HOAs can be great, making residents keep their trash cans behind fences and preventing them from parking boats on the street. But they also reduce the options you have when changing your house, whether it’s the color, siding, or roof option. Many HOAs restrict the kind of roofing material that can be used to just two, either tile or asphalt shingles. If you want wood shake or metal roof, you might be out of luck. Be sure to check with your HOA to make sure you won’t get into trouble. 

Where Do You Live?

Where you live might change the way you feel about certain types of shingles. For instance, if you live by the ocean, you won’t want a steel metal roof because the saltier air could cause it to rust. Aluminum might be a good alternative for you, but they’re not nearly as heavy and could be more prone to flying off during a hurricane.

Do you live deep in the woods? A metal or clay tile roof might be an excellent option in case a fire comes along. These two types of roofs are fireproof thanks to the materials they’re made from. Still, if you want an asphalt shingle roof, Roofing Resources of Georgia can provide you with shingles that have additional fire retardant applied. 

Which Roof Do You Want?

Even more important, which roof do you need? When you come to us at RROG, we’ll help you pick the perfect roof for your house, whether you’re paying for it out of your own pocket or are using insurance. 

If you need a new roof, we’d love to answer any questions you have about the various kinds that we’ve detailed in today’s blog. We’ve been doing this for nearly 20 years, and we’re ready to get you the best roof possible. Click here to contact us today!

Is Wood Shake the Right Roof Replacement For You?

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When most people think roof replacement, their first thought is of asphalt shingles. This makes sense, considering asphalt shingles are the most common type of roofing in the country. If prompted to name another type of roof material, clay tile roofs might come to mind next. Following that would probably be metal roofs, though most people associate them with businesses even though they’re becoming more common in residential roofing. But what about wood shakes roofs?

Wood shake roofing might not be that common, but it is an excellent option when some of our customers are looking for a new roof. Let’s take a look at wood shake roofs and why some might choose it…and a couple of things to think about that might not make it the right roof for you.

Advantages of Wood Shake Shingles

The Beauty

Without a doubt, the most common reason that people choose wood shake shingles is because they are so beautiful. In fact, wood shake shingles are probably the most beautiful type of roof out there. Shake shingles bring a great deal of character to a home, making it special. If you have a particular style of home for which clay, asphalt, and metal roofing just doesn’t make sense, wood shake might be exactly what you’re looking for.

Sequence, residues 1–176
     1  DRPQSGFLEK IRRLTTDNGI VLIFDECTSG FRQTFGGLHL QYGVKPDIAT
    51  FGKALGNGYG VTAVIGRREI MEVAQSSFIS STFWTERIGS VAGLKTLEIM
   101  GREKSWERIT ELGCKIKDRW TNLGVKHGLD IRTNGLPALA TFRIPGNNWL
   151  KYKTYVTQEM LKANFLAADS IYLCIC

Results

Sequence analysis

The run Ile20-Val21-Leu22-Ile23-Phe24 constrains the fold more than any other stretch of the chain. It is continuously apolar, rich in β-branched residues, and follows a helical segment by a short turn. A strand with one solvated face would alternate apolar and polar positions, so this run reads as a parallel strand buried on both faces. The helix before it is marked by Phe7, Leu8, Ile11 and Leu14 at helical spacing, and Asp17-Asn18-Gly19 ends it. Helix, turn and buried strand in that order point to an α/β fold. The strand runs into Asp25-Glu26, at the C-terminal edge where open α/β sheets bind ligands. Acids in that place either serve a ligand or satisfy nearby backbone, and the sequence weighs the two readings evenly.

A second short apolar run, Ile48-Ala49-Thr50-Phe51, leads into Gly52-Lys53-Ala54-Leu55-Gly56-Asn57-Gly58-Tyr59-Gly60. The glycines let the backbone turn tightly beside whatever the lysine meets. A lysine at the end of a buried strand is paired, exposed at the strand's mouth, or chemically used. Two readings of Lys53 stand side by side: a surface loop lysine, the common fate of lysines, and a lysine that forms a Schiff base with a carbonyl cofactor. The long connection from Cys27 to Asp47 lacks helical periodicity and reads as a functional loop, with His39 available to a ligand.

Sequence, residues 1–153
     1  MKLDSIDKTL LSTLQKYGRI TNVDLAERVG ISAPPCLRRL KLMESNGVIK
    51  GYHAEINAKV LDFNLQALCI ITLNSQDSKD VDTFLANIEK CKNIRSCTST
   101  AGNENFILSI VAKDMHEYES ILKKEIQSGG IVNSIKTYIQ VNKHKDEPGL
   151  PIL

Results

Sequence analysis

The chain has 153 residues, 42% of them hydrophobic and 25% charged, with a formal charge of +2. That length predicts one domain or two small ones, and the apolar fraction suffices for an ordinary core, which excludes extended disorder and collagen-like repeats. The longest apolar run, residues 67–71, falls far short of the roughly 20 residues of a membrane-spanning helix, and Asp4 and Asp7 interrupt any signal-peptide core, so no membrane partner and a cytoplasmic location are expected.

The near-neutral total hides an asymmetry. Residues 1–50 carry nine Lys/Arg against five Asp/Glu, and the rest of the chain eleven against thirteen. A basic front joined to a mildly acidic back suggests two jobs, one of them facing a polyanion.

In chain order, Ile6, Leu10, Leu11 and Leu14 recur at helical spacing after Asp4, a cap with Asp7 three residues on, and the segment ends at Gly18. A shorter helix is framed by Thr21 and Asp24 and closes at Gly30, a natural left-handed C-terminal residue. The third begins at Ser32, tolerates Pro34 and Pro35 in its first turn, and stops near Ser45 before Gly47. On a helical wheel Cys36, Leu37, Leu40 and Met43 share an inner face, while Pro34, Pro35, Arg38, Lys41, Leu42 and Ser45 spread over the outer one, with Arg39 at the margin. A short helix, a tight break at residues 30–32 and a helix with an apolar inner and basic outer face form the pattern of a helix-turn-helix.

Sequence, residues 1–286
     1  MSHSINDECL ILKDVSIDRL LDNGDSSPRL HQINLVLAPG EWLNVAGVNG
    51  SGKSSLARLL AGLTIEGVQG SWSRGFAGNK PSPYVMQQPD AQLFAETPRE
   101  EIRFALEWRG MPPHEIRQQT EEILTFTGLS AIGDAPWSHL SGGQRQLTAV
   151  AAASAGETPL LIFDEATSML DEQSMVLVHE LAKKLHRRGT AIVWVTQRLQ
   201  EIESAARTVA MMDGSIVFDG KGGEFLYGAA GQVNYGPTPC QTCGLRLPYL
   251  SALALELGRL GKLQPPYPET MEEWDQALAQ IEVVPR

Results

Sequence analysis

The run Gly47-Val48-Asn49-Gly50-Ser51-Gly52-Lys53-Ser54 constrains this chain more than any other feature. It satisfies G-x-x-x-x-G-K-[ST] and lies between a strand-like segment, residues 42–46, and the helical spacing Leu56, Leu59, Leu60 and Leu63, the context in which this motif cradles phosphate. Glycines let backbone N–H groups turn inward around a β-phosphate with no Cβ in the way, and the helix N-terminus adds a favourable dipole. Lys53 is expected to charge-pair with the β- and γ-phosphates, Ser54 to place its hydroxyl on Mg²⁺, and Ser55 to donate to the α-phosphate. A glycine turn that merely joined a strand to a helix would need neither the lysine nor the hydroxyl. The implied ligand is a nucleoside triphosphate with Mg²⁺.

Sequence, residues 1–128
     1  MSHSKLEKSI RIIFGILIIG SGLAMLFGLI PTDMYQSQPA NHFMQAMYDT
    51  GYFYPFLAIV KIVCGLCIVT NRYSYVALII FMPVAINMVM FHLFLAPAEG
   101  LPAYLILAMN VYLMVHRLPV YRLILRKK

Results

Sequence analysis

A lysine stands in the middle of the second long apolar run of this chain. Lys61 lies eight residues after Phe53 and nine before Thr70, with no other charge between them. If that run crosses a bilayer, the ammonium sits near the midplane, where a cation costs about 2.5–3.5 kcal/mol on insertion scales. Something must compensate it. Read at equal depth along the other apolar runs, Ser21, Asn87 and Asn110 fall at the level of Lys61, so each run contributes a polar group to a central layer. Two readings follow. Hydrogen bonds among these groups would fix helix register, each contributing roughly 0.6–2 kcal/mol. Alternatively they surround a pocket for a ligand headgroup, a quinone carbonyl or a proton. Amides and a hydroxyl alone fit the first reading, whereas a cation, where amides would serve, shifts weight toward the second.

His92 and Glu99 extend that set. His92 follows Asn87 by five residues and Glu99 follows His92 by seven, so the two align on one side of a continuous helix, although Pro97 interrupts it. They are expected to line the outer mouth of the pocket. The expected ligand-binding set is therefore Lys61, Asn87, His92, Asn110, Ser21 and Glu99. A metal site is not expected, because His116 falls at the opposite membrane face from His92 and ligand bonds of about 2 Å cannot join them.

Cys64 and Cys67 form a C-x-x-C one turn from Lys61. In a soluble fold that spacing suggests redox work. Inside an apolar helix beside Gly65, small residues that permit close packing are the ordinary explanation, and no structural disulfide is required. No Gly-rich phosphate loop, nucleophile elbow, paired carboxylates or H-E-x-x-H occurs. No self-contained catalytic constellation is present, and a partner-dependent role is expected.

Each Shingle Is Unique

Because every shingle is made from natural material, each one is going to be slightly different from the last. This adds to the beauty of the roof, giving it a rustic look that many homeowners are looking for.

They Last

While cedar shingle roofs might be a bit more expensive than asphalt roofs, they also last longer. In general, a shake roof will usually outlast an asphalt roof by about 10 years.

Wood Shake is Energy Efficient

Wood is a natural insulator, and the thickness of each shingle makes them considerably more energy efficient than asphalt shingles.

Just As Resistant to the Elements

Shake roofs are just as resistant to heavy rains, snowstorms, and hail as other forms of roofing are. They also stand up to heavy winds incredibly well.

You Still Get Variety

If you think the only option you’ll have with a wood shake roof is “wood-colored,” think again! You’ll have color choices when it comes to shake roofs, whether you’re looking for a natural color or a pre-stained and aged option.

Disadvantages of Wood Shake Shingles

It’s Not For Every House

Just as not every house looks good with a clay tile roof, and not every house can pull off the metal roof look, a cedar roof isn’t right for every house. Some styles of house look absolutely amazing with shake roofs, while others simply don’t look right. (HOA restrictions also have to be considered.) But on the right house, it’s the perfect decision!

The Initial Cost

Wood shake roofing costs more than traditional asphalt shingles, but this cost is usually offset by the energy savings you’ll experience and the fact that they last longer. How much is the difference? A lot of it depends on the particular type of shingles you choose, so simply give a call for a quote.

Maintenance Is Required

Wood shake roofs are made from…well, wood! And because they are made of wood, there are organic parts of them that stuff likes to feed on. In general, you don’t have to worry about insects, but moss, mold, and mildew do like to grow on shake shingles if given the chance. With regular treatments, these won’t become a problem.

Is A Wood Shake Roof Right For You?

Every type of roof has characteristics that might make you choose or reject it. Metal roofs are lightweight and highly recyclable, but tend to cost more. Asphalt shingles are inexpensive but don’t last as long. Clay tiles might last a hundred years, but they also require a reinforced roof to take the added weight.

No type of roofing is perfect, and as we’ve discussed, wood shake roofs aren’t necessarily the right choice for every style of home. But on the right roof, they make an absolutely stunning statement. If you’re ready for a new roof, we’d love to talk with you about your options. Contact Roofing Resources of Georgia today!

Are Clay Tiles The Right Choice For Your Georgia Roof Replacement?